While foul smells are often a nuisance, the emergence of the SARS-CoV-2 virus at the end of 2019 and the disease that it causes COVID-19 have given this a different level of importance, particularly in light of our research on infection spread in tall buildings which we recently reported in the Lancet Global Health. In particular we have identified a transmission pathway for bacteria and viruses (like SARS-CoV-2) through defects, like empty U-bends.
The identification of the wastewater plumbing system as a potential transmission pathway for pathogens goes back to the SARS outbreak of 2002-2003 and one building which raised concerns at the time. In 2003, the World Health Organisation (WHO) published a final report into a superspreading event of SARS within a housing block in Hong Kong. The 41-storey building had over 300 confirmed cases of SARS and 42 deaths. The report identified defects in the wastewater plumbing system as a transmission mode within the building which facilitated the transport of ‘virus laden droplets’ through empty U-Bends in bathrooms. This airborne transmission route was aided by bathroom extract ventilation which drew contaminated air into the room. Since then, our research group has been working on investigating mechanisms of cross transmission, improvements in system design, and innovations in system monitoring, including confirmation of the wastewater plumbing system as a reservoir for pathogens.
In 2017, we published results from an experiment on a full scale two-storey wastewater plumbing test-rig in which we used a model organism to represent pathogens flushed into the system. Viable organisms were shown to be transmitted between rooms on different floors of a building being carried within the system airflow, under defect conditions similar to those found in the SARS case in Hong Kong. Droplet fallout resulted in contamination of surfaces within the system and rooms.
In that paper, published in PLoS One, we also suggest causes of the wastewater plumbing system defects and presented a basic qualitative risk assessment for disease spread in buildings. One significant factor identified was the interconnectedness of all parts of the building by the wastewater plumbing system and, therefore, the potential for contaminated air to travel throughout the building unhindered.
So, the potential for a substantial viral load within the wastewater plumbing system (and therefore the main sewer system), in combination with the potential for airborne transmission due to aerosolisation of the virus, calls for wastewater plumbing systems to be considered as a potential transmission pathway for COVID-19.The interconnectedness of the wastewater plumbing network can facilitate exposure to SARS-CoV-2 within, or even between, buildings. This is of particular concern in high-risk transmission settings such as hospitals and health-care buildings.
So, what is the long-term solution to this issue? Given that the industry has been aware of this for 17 years with little change, what should happen now? In my view the issue is one of regulation. There are virtually no regulations on internal plumbing systems once installed. This lack of regulation would be unthinkable in water supply systems in buildings, so now is the time to start thinking about how to overhaul codes and standards and introduce regulations for wastewater plumbing systems inside buildings - before the next inevitable pandemic.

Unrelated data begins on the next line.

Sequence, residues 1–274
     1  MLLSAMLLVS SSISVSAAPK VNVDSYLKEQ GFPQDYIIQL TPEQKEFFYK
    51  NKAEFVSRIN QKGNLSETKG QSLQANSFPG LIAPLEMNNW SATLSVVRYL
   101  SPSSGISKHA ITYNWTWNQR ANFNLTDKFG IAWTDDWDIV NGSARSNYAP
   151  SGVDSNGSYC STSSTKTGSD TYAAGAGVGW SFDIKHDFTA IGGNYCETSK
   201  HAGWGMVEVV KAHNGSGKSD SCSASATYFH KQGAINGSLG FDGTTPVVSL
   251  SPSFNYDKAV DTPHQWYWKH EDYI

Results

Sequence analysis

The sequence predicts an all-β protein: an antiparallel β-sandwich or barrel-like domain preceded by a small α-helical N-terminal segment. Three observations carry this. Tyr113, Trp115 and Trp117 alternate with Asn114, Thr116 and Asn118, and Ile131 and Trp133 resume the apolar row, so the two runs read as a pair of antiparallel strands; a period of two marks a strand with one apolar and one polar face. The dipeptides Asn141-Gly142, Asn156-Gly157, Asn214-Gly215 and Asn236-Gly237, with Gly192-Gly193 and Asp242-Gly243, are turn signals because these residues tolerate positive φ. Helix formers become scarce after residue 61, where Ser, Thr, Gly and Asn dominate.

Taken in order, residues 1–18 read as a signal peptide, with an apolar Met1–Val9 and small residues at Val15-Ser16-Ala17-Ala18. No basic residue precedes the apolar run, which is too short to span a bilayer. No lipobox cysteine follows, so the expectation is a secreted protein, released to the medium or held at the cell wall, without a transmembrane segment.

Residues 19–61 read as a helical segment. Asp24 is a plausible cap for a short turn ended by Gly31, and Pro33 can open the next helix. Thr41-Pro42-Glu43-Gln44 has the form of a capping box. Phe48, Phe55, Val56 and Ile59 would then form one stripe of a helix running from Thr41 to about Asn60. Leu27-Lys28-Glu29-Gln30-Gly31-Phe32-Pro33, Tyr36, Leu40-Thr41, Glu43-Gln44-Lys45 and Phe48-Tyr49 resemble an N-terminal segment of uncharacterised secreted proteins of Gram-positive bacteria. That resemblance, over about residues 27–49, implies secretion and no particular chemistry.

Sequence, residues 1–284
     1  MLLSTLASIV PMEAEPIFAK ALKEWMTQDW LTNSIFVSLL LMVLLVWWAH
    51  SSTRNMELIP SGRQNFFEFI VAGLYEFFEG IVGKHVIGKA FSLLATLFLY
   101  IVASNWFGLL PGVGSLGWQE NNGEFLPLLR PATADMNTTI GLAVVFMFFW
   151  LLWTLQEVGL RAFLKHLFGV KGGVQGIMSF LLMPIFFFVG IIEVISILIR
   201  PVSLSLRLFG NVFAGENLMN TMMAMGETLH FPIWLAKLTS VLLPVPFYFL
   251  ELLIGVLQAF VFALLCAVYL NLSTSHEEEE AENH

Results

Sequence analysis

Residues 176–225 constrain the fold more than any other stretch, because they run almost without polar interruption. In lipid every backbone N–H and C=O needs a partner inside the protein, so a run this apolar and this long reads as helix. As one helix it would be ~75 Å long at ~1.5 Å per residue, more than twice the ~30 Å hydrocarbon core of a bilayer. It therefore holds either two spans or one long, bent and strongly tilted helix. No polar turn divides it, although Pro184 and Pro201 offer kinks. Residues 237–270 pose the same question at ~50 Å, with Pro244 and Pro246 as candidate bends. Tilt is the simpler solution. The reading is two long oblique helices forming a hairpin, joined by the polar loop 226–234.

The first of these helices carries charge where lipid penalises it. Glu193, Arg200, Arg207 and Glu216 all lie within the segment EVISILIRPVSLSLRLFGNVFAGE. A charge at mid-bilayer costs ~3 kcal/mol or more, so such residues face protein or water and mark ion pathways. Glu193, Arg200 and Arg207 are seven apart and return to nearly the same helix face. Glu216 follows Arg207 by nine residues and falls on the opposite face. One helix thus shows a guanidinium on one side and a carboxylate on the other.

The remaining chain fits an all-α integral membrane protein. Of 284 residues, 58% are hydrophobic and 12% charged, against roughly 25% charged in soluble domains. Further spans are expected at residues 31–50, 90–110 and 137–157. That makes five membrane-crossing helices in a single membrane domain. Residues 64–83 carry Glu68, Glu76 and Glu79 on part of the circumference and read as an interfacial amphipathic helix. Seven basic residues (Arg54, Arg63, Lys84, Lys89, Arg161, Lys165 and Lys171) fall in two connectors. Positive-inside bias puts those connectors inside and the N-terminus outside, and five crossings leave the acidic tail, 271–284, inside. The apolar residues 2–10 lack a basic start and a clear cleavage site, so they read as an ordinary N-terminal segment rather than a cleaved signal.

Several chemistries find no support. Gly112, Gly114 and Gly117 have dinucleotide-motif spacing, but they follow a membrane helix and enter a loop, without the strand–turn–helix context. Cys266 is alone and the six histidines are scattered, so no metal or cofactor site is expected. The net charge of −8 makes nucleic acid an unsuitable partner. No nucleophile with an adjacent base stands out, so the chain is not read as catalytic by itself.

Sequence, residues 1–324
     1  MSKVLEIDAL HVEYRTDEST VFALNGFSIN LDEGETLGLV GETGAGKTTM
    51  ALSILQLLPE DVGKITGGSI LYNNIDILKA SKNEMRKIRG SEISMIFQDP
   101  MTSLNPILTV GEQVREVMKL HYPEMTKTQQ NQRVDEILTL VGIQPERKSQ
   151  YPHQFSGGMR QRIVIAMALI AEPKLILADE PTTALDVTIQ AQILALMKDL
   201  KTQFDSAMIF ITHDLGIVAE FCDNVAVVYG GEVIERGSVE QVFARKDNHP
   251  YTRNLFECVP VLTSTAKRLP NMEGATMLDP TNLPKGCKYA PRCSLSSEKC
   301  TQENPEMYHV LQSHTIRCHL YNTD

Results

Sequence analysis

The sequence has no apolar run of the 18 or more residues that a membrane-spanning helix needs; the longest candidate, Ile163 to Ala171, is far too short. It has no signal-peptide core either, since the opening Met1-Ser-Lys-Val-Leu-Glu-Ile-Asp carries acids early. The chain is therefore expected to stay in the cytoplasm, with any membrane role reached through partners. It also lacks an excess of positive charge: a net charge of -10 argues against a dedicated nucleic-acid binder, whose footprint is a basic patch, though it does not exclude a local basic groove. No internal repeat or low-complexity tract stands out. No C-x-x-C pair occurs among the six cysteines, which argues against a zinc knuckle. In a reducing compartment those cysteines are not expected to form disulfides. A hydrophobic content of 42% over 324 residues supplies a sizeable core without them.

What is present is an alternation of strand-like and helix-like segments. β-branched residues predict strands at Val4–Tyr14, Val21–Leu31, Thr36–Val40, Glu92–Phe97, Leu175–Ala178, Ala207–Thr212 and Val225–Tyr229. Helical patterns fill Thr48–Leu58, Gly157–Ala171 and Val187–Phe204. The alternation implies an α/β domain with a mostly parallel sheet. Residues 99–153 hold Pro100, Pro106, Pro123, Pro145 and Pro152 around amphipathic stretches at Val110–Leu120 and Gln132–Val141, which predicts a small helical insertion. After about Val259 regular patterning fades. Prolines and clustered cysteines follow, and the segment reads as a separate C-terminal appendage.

Basic water and hygiene supplies have been described as lacking in parts of South Africa during the country's COVID-19 lockdown, which is currently planned to extend to 30 April. Angry residents in the Eastern Cape told Sowetan Live that on 12 April "we heard that they [health workers] were coming and we decided to set dogs on them and also threw stones at them because they didn't come with sanitisers or water so that we can wash our hands regularly as required".
Chile has become the first country in Latin America to submit its updated climate action commitment (Nationally Determined Contribution, or NDC) as required by the 2015 Paris Climate Agreement, under which every country agreed to prepare and communicate an updated nationally determined contribution (NDC) every five years to reflect progress toward its highest possible ambition. So far, seven nations have submitted updated NDCs.
The World Resources Institute (WRI), a global research non-profit organization, has called for immediate implementation of solutions to increase water supplies and access for the most vulnerable, to address the spread of coronavirus throughout the world.
An 8 April blog emphasises that nearly 1 billion people live in conditions that frequent handwashing is difficult or impossible, saying that governments must “take steps to not only expand water access now to control COVID-19, but to create resilient communities by addressing the root problems of water insecurity...what’s also needed to foster resilience to disease outbreaks and other disasters is better water management".
Actions by China have been described as compounding a 2019 Mekong River drought that had severe impacts on livelihoods in downstream nations. China is accused in an April 2020 US government-funded study of restricting water flow from 11 upstream dams, affecting approximately 60 million people live in the Lower Mekong where agriculture and fishing are the principal sources of support. Ordinarily, seasonal drought in China eventually becomes a seasonal drought in Myanmar, Thailand, Laos, Cambodia and Vietnam, while abundant water in China causes floods in the Mekong basin, as water is released from dams.